Once an Inquiry Board panel authorizes the filing of charges, a formal complaint setting forth all allegations of misconduct pending against the attorney is filed, and the matter proceeds before the Hearing Board. The Hearing Board functions much like a trial court in a civil case and is comprised of three panel members, two lawyers and one nonlawyer, appointed by the Commission. Upon filing and service of the complaint, the case becomes public. In addition to complaints alleging misconduct filed pursuant to Supreme Court Rule 753, and complaints alleging conviction of a criminal offense under Rule 761, the Hearing Board also entertains petitions for reinstatement pursuant to Rule 767, petitions for transfer to inactive status because of impairment pursuant to Rule 758, and petitions for restoration to active status pursuant to Rule 759.
Chart 6 shows the activity before the Hearing Board in 2001. The drop in disciplinary complaints filed during 1999 and 2000, attributed to staff turnover, was successfully reversed in 2001, with filings returning to prior levels. The return to full staffing also resulted in significantly more activity at hearing, with 71 contested and default hearings held during 2001, compared to 43 in 2000.
Chart 6: Matters Before the Hearing Board in 2001
Chart 7 shows the years in practice of the lawyers who were the subject of a formal complaint in 2001. The number of formal complaints filed against attorneys in practice for fewer than ten years, which peaked in 1998 (22%) and 2000 (21%), fell to only 14% in 2001.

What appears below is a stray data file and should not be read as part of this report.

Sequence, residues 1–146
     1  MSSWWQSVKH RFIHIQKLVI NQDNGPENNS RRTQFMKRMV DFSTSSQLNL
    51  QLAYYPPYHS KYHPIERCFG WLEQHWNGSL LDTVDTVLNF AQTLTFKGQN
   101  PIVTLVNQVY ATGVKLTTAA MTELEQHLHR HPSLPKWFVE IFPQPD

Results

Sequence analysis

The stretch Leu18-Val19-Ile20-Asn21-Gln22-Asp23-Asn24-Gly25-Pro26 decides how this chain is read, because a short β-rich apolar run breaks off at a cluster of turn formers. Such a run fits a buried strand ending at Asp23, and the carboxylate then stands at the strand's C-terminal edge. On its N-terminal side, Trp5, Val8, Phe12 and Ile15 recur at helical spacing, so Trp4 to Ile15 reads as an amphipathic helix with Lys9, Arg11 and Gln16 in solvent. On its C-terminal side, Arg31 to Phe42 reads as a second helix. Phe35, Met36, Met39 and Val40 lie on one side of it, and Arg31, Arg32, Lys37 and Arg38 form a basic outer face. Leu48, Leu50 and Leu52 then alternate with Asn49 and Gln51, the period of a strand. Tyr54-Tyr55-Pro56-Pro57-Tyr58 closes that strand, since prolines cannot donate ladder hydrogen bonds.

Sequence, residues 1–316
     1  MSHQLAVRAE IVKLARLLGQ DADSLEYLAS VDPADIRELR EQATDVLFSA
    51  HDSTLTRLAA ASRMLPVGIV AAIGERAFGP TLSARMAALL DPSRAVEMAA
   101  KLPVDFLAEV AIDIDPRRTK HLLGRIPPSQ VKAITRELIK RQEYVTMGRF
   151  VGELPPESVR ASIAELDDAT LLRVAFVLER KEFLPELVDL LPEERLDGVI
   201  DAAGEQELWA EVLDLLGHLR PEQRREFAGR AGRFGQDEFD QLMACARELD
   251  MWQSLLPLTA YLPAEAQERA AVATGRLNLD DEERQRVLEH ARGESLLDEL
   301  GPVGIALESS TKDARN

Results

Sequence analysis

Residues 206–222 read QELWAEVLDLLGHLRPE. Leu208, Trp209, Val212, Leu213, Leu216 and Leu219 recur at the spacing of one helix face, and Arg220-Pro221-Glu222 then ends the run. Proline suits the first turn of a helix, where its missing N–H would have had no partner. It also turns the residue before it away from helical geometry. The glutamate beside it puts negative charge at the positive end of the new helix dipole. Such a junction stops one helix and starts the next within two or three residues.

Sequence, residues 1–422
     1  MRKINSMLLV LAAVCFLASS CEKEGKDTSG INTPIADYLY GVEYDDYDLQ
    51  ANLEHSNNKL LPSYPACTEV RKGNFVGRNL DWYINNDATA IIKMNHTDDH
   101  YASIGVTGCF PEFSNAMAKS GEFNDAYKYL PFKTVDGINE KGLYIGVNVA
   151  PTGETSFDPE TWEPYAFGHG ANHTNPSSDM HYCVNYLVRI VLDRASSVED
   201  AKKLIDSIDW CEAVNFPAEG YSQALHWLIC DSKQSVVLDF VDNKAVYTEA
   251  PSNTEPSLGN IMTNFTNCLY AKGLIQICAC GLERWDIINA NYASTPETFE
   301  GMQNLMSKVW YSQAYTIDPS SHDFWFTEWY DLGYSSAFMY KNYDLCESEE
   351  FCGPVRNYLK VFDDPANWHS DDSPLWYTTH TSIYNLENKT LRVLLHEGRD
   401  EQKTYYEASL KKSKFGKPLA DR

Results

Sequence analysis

Chart 7: Disciplinary Complaints Filed in 2001
Charts 8 and 9 show the types of misconduct alleged in the 126 disciplinary complaints filed during 2001 and the areas of practice in which the alleged misconduct arose. In large part, the categories most frequently seen in formal complaints track the categories most frequently seen in the initial charges, as reported in Charts 2 and 3. Also, the number of formal complaints alleging misconduct arising not as part of a legal representation continues to remain high: criminal conduct and personal misconduct (fraudulent/deceptive activity). Also, many complaints continue to include a count alleging misconduct impeding the disciplinary process (failure to cooperate/false statements in a disciplinary matter).
Chart 8: Types of Misconduct Alleged in Complaints Filed Before Hearing Board in 2001
Chart 9: Area of Law Involved in Complaints Filed Before Hearing Board in 2001
Chart 10 shows the type of action by which the Hearing Board concluded 129 cases during 2001.
Chart 10: Actions Taken by Hearing Board in Matters Terminated in 2001
Once the Hearing Board files its report in a case, either party may file exceptions before the Review Board, which serves as an appellate tribunal. Chart 11 shows activity at the Review Board during 2001.
Chart 11: Trend of Matters in the Review Board in 2001
Only the Supreme Court has authority to sanction attorneys for misconduct, except for a Board reprimand which can be imposed in a disciplinary case without order of the Court by either the Hearing or Review Board. In 2001, the Hearing Board administered four reprimands (see Chart 10). Other than Board reprimands, the Hearing and Review Board reports are recommendations to the Supreme Court.
During 2001, the Court entered 123 sanctions against 123 attorneys. Chart 12 reflects the nature of the orders entered.
Chart 12: Disciplinary Sanctions Ordered by the Supreme Court in 2001
Of the 123 sanctions entered by the Supreme Court, 44% were entered pursuant to consent petitions. Of the 26 disbarments, 16 were by consent petition.